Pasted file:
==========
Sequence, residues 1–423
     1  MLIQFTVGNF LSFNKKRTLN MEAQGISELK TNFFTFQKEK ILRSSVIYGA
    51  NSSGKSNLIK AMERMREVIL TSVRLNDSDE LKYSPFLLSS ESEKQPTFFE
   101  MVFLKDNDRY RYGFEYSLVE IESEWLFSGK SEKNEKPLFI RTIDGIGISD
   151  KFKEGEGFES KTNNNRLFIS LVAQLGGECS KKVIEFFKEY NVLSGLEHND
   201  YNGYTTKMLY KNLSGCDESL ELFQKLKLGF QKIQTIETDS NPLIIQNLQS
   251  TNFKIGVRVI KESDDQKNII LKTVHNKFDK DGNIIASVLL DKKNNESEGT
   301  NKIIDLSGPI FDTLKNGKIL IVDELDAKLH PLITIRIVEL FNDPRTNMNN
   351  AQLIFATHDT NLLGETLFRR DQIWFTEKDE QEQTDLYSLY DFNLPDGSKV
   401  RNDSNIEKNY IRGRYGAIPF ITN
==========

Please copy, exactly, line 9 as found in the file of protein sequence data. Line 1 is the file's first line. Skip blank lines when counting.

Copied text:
   351  AQLIFATHDT NLLGETLFRR DQIWFTEKDE QEQTDLYSLY DFNLPDGSKV